November 25, 2017
Price sensitivity - part 1
Prices are a fact of life. Every time we sell or buy anything the transaction ends with a certain amount of money changing hands. But how do prices actually get decided?
To make a long story short, a price is a seller’s view of what they can get away with. There are other considerations as well: fairness, brand value and trust, to name a few. But at its commercial core, pricing is a seller’s expression of value.
Where it gets interesting is when a buyer agrees to that price and completes a transaction. Any seller can imagine a price they’d like to receive. What matters are the prices goods are sold for.
For Pace, this has always been the fundamental problem of revenue and yield management. In fact, the fundamental challenge of business in general. Which is why our company mission is: To find the right price.
Let’s go and dive deeper to understand why Pace invests so much effort in the area of pricing.
First, a bit of theory: according to the theory, buyers approach any transaction with an alternative value to price in mind. This is called their willingness-to-pay. If the price is lower than our willingness-to-pay, we buy. If it is not, we think it’s too expensive.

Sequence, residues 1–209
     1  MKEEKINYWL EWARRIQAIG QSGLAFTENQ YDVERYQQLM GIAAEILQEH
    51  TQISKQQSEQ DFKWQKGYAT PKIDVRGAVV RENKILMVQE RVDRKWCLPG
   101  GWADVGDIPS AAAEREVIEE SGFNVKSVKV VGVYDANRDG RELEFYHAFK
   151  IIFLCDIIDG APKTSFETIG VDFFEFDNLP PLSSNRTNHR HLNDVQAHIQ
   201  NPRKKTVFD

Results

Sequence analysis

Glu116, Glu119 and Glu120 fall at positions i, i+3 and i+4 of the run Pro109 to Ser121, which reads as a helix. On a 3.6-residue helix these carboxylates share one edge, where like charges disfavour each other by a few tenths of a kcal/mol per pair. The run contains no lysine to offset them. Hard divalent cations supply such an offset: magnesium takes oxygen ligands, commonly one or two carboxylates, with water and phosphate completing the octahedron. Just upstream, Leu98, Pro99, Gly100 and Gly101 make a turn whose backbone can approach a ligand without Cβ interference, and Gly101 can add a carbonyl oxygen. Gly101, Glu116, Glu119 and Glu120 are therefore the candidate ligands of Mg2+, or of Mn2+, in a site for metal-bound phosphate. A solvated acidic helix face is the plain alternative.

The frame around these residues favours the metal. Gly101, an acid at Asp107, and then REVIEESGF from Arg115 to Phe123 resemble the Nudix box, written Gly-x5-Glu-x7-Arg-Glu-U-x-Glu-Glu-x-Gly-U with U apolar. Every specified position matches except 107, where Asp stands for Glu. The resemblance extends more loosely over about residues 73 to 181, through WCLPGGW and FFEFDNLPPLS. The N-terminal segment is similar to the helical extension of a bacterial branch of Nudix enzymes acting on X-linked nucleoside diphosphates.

Economists call the difference between price and willingness-to-pay consumer surplus. Basically it is the value we, as buyers, get for free above the price we pay. A taxi home from work at the end of the day for £5 doesn’t give me much consumer surplus. On the other hand, a taxi home at 3am at the same price would give me a very high consumer surplus.
Why is this important?
Let’s look at a concrete example. If buyers have a high consumer surplus and few alternatives they have low price sensitivity. The short way of describing them is they would continue to buy even if you increase the price.
Translating this back to Pace and revenue management: our platform is unique in modelling consumer surplus and price sensitivity. What this means for our customers is the ability to understand, in real-time, whether to focus on ADR or occupancy. When price sensitivity is high in a booking-curve you should capture bookings. When price sensitivity is low you can grow your ADR.
Pace shows you the relationship between the two so you can always make the best decisions. From what we’ve seen and heard, we’re the only solution out there that can generate these conclusions.
Speak to us to understand how our platform can benefit your property!
Also - read Part 2. to learn what we’re building.